Community Health Systems CEO Wayne Smith's total compensation was nearly cut in half in 2016 as the hospital chain recorded a net loss of $1.7 billion on the year, according to financial results posted Friday.
Smith's total compensation decreased to $5.8 million in fiscal year 2016, down from $10.4 million in fiscal year 2015 and $26.4 million in 2014. If he chose to leave the company, he would receive $52.4 million in severance and other benefits, according to documents filed with the U.S. Securities and Exchange Commission.
The Franklin, Tenn.-based hospital chain posted revenue of $18.4 billion in 2016, down from $19.4 billion in 2015 due to asset divestitures. CHS agreed to sell 25 hospitals and spun off 38 rural hospitals into Quorum Health.
CHS reported a net income of $158 million in 2015 compared to a net loss of $1.7 billion in 2016.
“The company did not meet several of its financial expectations in 2016,” the company wrote in the filing, describing 2016 as a “transitional year.” Its stock price dropped nearly 75 percent from 2015 to 2016.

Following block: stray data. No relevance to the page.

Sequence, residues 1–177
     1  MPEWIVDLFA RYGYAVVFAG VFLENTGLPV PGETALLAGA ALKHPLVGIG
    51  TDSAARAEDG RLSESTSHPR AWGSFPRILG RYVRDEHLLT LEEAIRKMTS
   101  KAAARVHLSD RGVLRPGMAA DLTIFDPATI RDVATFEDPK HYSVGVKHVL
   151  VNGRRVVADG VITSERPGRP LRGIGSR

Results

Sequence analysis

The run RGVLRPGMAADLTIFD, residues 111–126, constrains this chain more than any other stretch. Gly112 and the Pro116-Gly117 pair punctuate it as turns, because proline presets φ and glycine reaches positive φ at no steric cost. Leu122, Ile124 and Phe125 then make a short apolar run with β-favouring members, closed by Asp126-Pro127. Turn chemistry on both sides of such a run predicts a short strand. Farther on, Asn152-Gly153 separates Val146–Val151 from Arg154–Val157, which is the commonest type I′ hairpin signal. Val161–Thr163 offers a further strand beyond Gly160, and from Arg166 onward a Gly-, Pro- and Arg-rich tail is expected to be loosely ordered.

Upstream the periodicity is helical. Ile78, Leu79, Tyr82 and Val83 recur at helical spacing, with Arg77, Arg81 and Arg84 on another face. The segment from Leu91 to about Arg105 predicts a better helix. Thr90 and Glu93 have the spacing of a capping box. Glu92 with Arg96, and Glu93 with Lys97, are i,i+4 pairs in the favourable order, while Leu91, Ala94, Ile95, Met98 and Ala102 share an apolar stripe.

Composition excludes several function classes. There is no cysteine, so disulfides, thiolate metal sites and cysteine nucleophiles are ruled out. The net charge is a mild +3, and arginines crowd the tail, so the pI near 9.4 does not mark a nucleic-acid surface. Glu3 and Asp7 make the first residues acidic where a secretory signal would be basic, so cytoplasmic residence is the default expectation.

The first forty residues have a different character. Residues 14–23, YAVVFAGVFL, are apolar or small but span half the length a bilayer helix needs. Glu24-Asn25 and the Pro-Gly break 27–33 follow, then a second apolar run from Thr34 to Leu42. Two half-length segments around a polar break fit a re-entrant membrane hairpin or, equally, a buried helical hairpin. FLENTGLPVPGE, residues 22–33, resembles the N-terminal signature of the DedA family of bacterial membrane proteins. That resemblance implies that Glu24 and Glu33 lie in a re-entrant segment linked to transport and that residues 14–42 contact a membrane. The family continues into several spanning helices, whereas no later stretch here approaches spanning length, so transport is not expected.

CHS will hold its annual hospital stockholder meeting on May 16 where stockholders will vote on eight board of directors for 2017, executive compensation and a shareholder proposal, among other items.
Larry Cash, the long-time chief financial officer at CHS, will announce his retirement at the meeting after serving as the right-hand executive to Smith for 20 years. He had the second-highest total compensation in 2016 at $2.8 million, down from $5.2 million in 2015. Cash will advise the company on finance and operations and current vice president of finance Thomas Aaron will take his role.
The board of directors unanimously recommended to vote against a shareholder proposal that would force executives' unvested stock bonuses to vest at a pro rata basis when they leave the company.
The board argued that the rigid “one-size fits all” proposal would limit the company's ability to attract retain talented executives. It is atypical to only allow for pro rata vesting with a change in control, the board said.
Since the start of 2016, CHS has reduced its debt from $16.6 billion to $14.8 billion. It estimates that the sale of its 25 hospitals will net $1.5 billion that will be used to pay down debt.